AD on Gators' woes: Muschamp 'will fix it'
Embattled Florida Gators coach Will Muschamp has to be feeling a lot better about his job security after receiving a vote of confidence from university president Bernie Machen, athletic director Jeremy Foley and South Carolina coach Steve Spurrier.
GAINESVILLE, Fla. -- Embattled Florida Gators coach Will Muschamp must be feeling better about his job security after receiving votes of confidence from university president Bernie Machen, athletic director Jeremy Foley and South Carolina coach Steve Spurrier on Wednesday.
"As athletic director, I'm a thousand percent convinced that Will Muschamp is the guy to lead this football program," Foley said in a statement posted on the school's athletics website. "Nothing has changed in what we feel about Will Muschamp from the day we hired him. Everyone around here wants the same thing. We want to do what is right for the University of Florida.
"We understand that this football season has not gone the way any of us wanted it to go, certainly not the way our fans wanted it to go and, most of all, not the way Will Muschamp wanted it to go."
With four straight losses, Florida (4-5, 3-4 SEC) has fallen below .500. The Gators were beaten soundly 34-17 by Vanderbilt on Saturday on homecoming. It was Vandy's first win at Florida since 1945.
Muschamp, in his third season as the Florida coach, has a 22-13 record and is 13-10 in the SEC and 1-1 in bowl games. He has five years remaining on his contract at an average salary of $2,928,791.
"We have a history of being successful. We have a history of fixing things when they need to be fixed, and that is what is going to happen here," Foley said. "And Coach Muschamp is the one that will fix it."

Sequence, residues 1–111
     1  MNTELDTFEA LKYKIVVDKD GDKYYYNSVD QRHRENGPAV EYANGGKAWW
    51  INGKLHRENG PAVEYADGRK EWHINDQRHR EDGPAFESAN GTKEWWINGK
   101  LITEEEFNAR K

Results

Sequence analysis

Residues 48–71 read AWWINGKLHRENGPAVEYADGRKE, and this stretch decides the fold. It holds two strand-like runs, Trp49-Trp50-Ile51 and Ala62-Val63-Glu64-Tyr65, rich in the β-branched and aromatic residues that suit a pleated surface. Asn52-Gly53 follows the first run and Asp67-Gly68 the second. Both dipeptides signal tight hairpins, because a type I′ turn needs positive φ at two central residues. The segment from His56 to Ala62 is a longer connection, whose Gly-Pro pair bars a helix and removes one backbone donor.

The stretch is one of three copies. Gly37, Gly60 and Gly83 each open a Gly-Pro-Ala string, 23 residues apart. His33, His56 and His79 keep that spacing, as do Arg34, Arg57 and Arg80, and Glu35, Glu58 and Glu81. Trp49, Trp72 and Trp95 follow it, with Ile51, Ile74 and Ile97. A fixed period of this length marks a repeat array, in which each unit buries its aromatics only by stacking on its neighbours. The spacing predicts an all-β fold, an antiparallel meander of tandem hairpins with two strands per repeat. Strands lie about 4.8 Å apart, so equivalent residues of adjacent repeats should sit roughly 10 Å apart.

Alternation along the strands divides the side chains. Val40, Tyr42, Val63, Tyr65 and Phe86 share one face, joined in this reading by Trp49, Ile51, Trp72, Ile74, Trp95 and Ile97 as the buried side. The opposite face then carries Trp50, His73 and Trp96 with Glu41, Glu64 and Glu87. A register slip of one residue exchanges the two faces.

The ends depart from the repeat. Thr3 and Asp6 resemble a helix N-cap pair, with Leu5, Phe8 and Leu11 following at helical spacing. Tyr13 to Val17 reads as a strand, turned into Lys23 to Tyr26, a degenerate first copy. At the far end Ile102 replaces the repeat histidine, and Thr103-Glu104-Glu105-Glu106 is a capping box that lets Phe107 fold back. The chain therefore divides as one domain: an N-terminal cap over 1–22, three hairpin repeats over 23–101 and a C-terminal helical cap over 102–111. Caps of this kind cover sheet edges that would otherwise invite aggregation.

Machen echoed those sentiments in his statement.
"I want the Gator Nation to know that I have full confidence in Coach Muschamp and his leadership of the football program," he said.
With difficult games remaining against No. 10 South Carolina on Saturday and No. 2 Florida State on Nov. 30, the Gators are in a fight to continue a 22-year streak of going to a bowl game.
"I'm fine," Muschamp said Monday when asked about the personal toll of a difficult season. "I'm a football coach. I go to work every day trying to find ways to get this football team better and get them to improve on how we play. That's part of your job whether you're 9-1 at this point or you're where we are.
"It's frustrating. It's very frustrating, but you work and people are dependent on you to do a good job, do a good job for the players and do a good job for the university. That's my job."
The endorsements for Muschamp began Wednesday morning with Spurrier, who won the Heisman Trophy at Florida as a player and guided the Gators to their first national championship as a coach.
"I admire the way he coaches his team, runs the show down there," Spurrier said during the weekly SEC teleconference. "Last year, I think he was SEC Coach of the Year. I think after they beat FSU they were third in the country in that BCS poll, and if Notre Dame had lost to Southern Cal, I believe Florida would have been in the national championship game last year.
"Obviously this year they've had a rash of injuries all over the team that's really hurt them. But they've still got plenty of ballplayers and they're still a very hard-nosed, physical-type team."
Florida has lost 10 players for the season, including seven starters. Quarterback Jeff Driskel broke a bone in his lower right leg early in Week 3 against Tennessee. Florida's best player, senior defensive tackle Dominique Easley, tore his ACL in practice days later. Tailback Matt Jones suffered a torn meniscus in his left knee during a Week 6 loss at LSU. Three starting offensive tackles have missed significant time with injuries this season.
The list kept growing, as Muschamp announced this week that starting middle linebacker Antonio Morrison would miss the rest of the season with torn cartilage in his right knee.
Spurrier said he's never seen that many injuries on one of his teams.
"Our teams, for some reason, we haven't had a whole bunch of injuries," he said. "I don't know why, but I don't think I've ever seen quite as many as they've had."
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